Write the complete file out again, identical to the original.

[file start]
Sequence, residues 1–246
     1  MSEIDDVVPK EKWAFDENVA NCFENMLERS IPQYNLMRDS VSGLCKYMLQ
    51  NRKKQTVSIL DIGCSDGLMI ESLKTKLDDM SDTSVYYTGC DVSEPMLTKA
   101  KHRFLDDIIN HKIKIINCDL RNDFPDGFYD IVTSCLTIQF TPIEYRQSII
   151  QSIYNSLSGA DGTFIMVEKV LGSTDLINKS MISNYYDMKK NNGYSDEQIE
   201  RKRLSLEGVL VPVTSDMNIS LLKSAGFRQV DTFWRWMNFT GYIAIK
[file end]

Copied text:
Sequence, residues 1–246
     1  MSEIDDVVPK EKWAFDENVA NCFENMLERS IPQYNLMRDS VSGLCKYMLQ
    51  NRKKQTVSIL DIGCSDGLMI ESLKTKLDDM SDTSVYYTGC DVSEPMLTKA
   101  KHRFLDDIIN HKIKIINCDL RNDFPDGFYD IVTSCLTIQF TPIEYRQSII
   151  QSIYNSLSGA DGTFIMVEKV LGSTDLINKS MISNYYDMKK NNGYSDEQIE
   201  RKRLSLEGVL VPVTSDMNIS LLKSAGFRQV DTFWRWMNFT GYIAIK